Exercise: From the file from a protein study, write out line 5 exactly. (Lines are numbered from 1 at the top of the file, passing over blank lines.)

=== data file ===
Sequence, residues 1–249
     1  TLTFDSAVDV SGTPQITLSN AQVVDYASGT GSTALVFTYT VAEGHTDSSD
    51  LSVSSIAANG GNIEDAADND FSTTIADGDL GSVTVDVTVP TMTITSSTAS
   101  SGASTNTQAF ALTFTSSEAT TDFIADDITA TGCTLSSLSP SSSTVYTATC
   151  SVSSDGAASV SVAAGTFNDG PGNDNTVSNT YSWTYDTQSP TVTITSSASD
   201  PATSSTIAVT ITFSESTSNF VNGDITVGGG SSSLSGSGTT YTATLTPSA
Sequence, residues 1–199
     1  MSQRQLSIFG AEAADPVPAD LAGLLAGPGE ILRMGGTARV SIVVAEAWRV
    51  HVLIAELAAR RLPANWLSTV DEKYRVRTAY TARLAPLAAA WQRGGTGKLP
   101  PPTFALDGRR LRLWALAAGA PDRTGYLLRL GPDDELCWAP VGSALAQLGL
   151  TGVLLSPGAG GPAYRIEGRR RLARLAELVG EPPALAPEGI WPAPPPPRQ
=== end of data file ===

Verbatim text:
   151  SVSSDGAASV SVAAGTFNDG PGNDNTVSNT YSWTYDTQSP TVTITSSASD